This time, Pat Riley insists he won't come back.
The Hall of Fame coach stepped down from the Miami Heat sideline on Monday, although he'll remain team president. His first act as Miami's former coach was to choose its new one, and he hired Erik Spoelstra, a 37-year-old who started in the Heat video room in 1995 and now becomes the NBA's youngest coach.
Riley retired once before, only to come back when Stan Van Gundy stepped down 21 games into the 2005-06 season, Miami's championship campaign. Although he knows the perception exists that says otherwise, Riley insists he never wanted to return then _ and won't be talked into it one more time.
"I am definitely sure that I don't want to do this anymore," Riley said.
So now, after spending several days plotting the Heat's next course, Riley's past becomes Spoelstra's future.
Riley was 36 when he first became a head coach, and like Spoelstra today, he didn't have any experience either. His first off-the-court job in the NBA was traveling secretary for the Los Angeles Lakers, handling boarding passes. Spoelstra also was at the bottom of the Heat totem pole when starting out, making videos for the team Christmas party, but Riley is convinced he's ready for the top job.
"It's very rare to have the opportunity to work for one organization for your entire career like I have," said Spoelstra, who was told the job was his Friday. "It means it's a special organization."
Miami finished with the NBA's poorest record (15-67), by far the worst of Riley's career. As president, Riley will continue overseeing the plan to revamp a franchise just two years removed from a championship, after deciding he'd best benefit the franchise from the front office.
Riley's future was among Miami's many offseason issues. The Heat could have the No. 1 pick in the draft, are assured a top-four pick and are certain to make moves in an effort to revamp a roster plagued by injuries.
"Pat Riley has instilled in me values that enabled me to win a championship in just three seasons," Heat guard Dwyane Wade said Monday. "I've seen him do the necessary things to make us winners and I believe that with his focus on being president and his commitment to the team, we will once again become a contender."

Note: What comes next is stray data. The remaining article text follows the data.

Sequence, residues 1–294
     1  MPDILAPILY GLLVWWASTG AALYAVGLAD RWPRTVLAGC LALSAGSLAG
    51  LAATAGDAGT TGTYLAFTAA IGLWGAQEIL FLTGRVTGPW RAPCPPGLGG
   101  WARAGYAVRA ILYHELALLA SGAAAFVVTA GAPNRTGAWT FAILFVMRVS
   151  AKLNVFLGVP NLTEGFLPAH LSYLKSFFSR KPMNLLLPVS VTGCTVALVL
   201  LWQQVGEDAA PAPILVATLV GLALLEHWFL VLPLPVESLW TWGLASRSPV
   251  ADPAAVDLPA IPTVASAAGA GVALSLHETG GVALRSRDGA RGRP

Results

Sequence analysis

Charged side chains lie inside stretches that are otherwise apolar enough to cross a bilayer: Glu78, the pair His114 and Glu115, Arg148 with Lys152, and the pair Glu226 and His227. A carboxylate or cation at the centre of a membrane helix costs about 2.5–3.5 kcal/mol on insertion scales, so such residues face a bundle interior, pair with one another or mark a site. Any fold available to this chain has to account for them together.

Wade has worked extensively with Spoelstra in practices and 1-on-1 sessions.
"I believe in Coach Spo and have complete confidence that our team will succeed with him at the helm," Wade said.
Spoelstra indicated he would like to keep assistants Ron Rothstein, Bob McAdoo and Keith Askins.
Riley finishes his career with 1,210 victories, third most in NBA history behind Lenny Wilkens and Don Nelson. He won seven championships, including five as a head coach, and was voted into the Hall of Fame class this month.
"I think the call from the Hall of Fame did something to me," Riley said. "There was a lot of emotion on that telephone call. When you come to the finish, or you know it's the best time, it's a clean ending."
Riley essentially began the rebuilding job in February, when he traded disgruntled center Shaquille O'Neal to the Phoenix Suns. The move not only rid the team of a player who didn't want to remain in Miami, but gave the Heat some salary-cap room that wouldn't otherwise have been available until O'Neal's contract expired in 2010.
In recent years, many team insiders considered Spoelstra as the person Riley would promote when he deemed the time was right.
That time was Monday.
"He's a man that was born to coach," Riley said.
Riley started his head coaching career with the Los Angeles Lakers, winning a championship in his first season with a team led by Magic Johnson and Kareem Abdul-Jabbar. He also took the New York Knicks to the NBA finals before coming to Miami in 1995, where on the day he was introduced he famously talked about envisioning a championship parade down Biscayne Boulevard.
Eleven years later, that vision became reality.
And if it happens again, it'll come with Riley watching from off the court.
"I've worked for a great leader, a Hall of Fame coach and someone who's been a great mentor to me for 13 years," Spoelstra said. "It's been a great relationship."
Riley told the story Monday of his final pregame speech. He talked to players that night about the movie "Forrest Gump," particulary the portion where Tom Hanks' character spends three years running around the country for no particular reason.
"He was leaving his past behind him. And that's what we have to do," Riley said. "I'm leaving mine behind me. I'm leaving last year behind me. It's been a wonderful experience and it's been a great journey. Now it's Erik's."